Besides, Published German Application 3,701,527 proposes a simultaneous removal of nitrogen oxides and sulfur compounds from an oxygen-containing exhaust gas in a process in which the exhaust gas is mixed with NH3 and is then supplied as a fluidizing gas to a fluidized bed, which consists of a catalyst, which effects a reduction of NO with NH3 to N2 and H2 O and an oxidation of SO2 with O2 to SO3. The catalyst proposed in Published German Application 3,701,527 comprises a carrier, the catalytically active substances V2 O5 and Fe2 O3, FeSO4 and/or Fe2 (SO4)3 and alkali sulfates. The SO3 formed by oxidation may be recovered as sulfuric acid or may be bound by a desulfurizing agent, which consists of Na2 CO3, MgO, MgCO3, CaC, CaCO3, and/or Ca(OH)2. The desulfurizing agent may either directly be supplied to the fluidized bed or may be contacted with the fluidizing gas when the latter has left the fluidized bed. The known process is carried out at a temperature from 350° to 600° C. Whereas the process known from Published German Application 3,701,527 permits a simultaneous desulfurization and removal of nitrogen oxides from combustion exhaust gases, it has the disadvantage that a catalyst is required, for which production costs must be incurred and which is consumed in operation by mechanical abrasion. Besides, the process may be disturbed by a relatively high dust content of the raw gas. Finally, it is extremely difficult to completely remove the unconsumed desulfurizing agent--particularly CaO and Ca(OH)2 --from the gas which has left the fluidized bed.
For this reason it is an object of the invention to provide for the removal of dust, sulfur compounds and nitrogen oxides from combustion exhaust gases a process which is reliable and economical in operation and by which sulfur compounds and nitrogen oxides can be removed to a high degree in the presence of the fly ash contained in the combustion exhaust gas and which permits an optimum dedusting, and it is particularly desired to remove virtually all of the unconsumed desulfurizing agent.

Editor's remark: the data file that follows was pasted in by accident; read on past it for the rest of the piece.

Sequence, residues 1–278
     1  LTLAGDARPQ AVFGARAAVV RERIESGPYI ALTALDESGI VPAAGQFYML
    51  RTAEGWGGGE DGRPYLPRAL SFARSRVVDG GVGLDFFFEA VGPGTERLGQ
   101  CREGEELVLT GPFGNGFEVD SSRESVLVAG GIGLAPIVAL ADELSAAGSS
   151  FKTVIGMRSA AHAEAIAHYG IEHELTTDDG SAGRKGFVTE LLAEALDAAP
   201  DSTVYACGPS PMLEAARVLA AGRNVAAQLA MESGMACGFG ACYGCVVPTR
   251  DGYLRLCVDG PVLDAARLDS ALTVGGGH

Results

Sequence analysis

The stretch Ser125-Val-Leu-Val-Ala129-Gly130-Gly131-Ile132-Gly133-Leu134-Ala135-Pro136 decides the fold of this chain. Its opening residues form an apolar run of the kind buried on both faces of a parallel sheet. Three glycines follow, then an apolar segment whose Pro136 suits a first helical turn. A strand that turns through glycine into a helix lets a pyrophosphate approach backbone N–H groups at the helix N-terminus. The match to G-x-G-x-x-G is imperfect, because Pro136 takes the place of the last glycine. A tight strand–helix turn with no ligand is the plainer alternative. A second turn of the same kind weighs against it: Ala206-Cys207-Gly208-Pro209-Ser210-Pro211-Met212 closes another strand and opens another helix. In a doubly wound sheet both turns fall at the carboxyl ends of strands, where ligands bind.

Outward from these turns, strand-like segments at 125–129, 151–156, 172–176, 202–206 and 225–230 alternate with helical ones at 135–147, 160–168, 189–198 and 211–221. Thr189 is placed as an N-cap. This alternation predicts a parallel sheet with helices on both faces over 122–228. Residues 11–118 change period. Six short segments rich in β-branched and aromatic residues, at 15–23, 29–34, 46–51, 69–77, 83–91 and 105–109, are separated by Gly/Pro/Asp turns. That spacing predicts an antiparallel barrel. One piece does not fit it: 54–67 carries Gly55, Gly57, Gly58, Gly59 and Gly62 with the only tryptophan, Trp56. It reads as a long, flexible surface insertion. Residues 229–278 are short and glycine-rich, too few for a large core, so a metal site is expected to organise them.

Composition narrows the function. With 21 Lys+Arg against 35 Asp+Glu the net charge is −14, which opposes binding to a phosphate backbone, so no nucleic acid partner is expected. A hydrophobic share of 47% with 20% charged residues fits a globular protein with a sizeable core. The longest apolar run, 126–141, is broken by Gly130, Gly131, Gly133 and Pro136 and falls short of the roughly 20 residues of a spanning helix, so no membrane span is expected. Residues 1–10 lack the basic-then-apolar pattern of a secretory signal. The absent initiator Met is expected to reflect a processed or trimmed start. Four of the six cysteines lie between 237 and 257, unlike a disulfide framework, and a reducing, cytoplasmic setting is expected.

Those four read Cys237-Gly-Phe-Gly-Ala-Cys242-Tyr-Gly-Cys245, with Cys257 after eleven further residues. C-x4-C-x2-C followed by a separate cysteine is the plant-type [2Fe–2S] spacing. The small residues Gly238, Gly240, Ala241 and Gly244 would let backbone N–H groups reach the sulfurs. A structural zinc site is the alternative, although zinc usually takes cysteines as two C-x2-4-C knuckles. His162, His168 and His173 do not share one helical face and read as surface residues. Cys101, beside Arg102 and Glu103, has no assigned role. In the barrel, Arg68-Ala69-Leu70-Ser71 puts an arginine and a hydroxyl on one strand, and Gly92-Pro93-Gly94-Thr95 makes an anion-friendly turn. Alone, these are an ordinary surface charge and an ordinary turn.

The object underlying the invention is accomplished in that the dust-containing combustion exhaust gases are mixed with NH3 and are then supplied as a fluidizing gas to a fluidized bed reactor, which contains mixed solids comprising fly ash, iron sulfates and the calcium compounds Ca(OH)2, CaCO3, CaO, CaSO4 and CaSO3 and is supplied with Ca(OH)2 and FeSO4 and is operated at a temperature between 300° and 450° C., the combustion exhaust gases which have left the fluidized bed reactor are supplied to a multi-stage electrostatic precipitator, the solids collected in the first stage of the electrostatic precipitator are recycled to the fluidized bed reactor, and the solids collected in the further stages of the electrostatic precipitator are partly recycled to the fluidized bed reactor and partly discharged. That processing will desirably result in a removal of dust, sulfur compounds and nitrogen oxides from the combustion exhaust gases to substantial degrees. The residual dust content of the pure gas can always be kept below 50 mg/sm3 and the contents of each of SO2 and NOx (if the latter is calculated as NO2) in the pure gas will always lie below 200 mg/sm3. Besides, iron sulfates will be discharged from the process only at very low rates because at least 90% of the iron sulfates are collected in the first stage of the electrostatic precipitator and recycled to the fluidized bed reactor. A special advantage which is afforded by the process in accordance with the invention and which was not predictable by a person skilled in the art resides in that the iron sulfates which have passed through the first stage of the electrostatic precipitator will decisively promote the collection of the particulate fly ash of the particulate reaction product of Ca(OH)2 --i.e., CaSO3, CaSO4 and CaCO3 --and of the particular unconsumed Ca(CH)2 so that almost all of the unconsumed Ca(CH)2 will remain in the solids cycle and will be available for binding the oxides of sulfur. Because the iron sulfates cause the Ca(OH)2 to be almost completely collected in the electrostatic precipitator, the overstoichiometric molar surplus in which Ca(OH)2 is present in relation to the total sulfur content of the combustion exhaust gases will amount to only 1.3 to 1.8, in contrast to the molar surplus which is usual in the known dry desulfurizing process. That advantage constitutes a substantial technological progress. Finally, the HCl which is present in the combustion exhaust gas will be almost entirely removed in that it is reacted with the Ca(OH)2. The iron sulfates contained in the fluidized bed reactor are derived from FeSO4, which is supplied in a form in which it contains water of crystallization to the fluidized bed reactor. The iron sulfates are an anhydrous mixture of FeSO4, Fe2 (SO4)3 and oxisulfates of iron. The calcium compounds contained in the fluidized bed reactor are produced by a reaction of SO2, SO3, and CO2 with the Ca(OH)2 which is supplied to the fluidized bed reactor.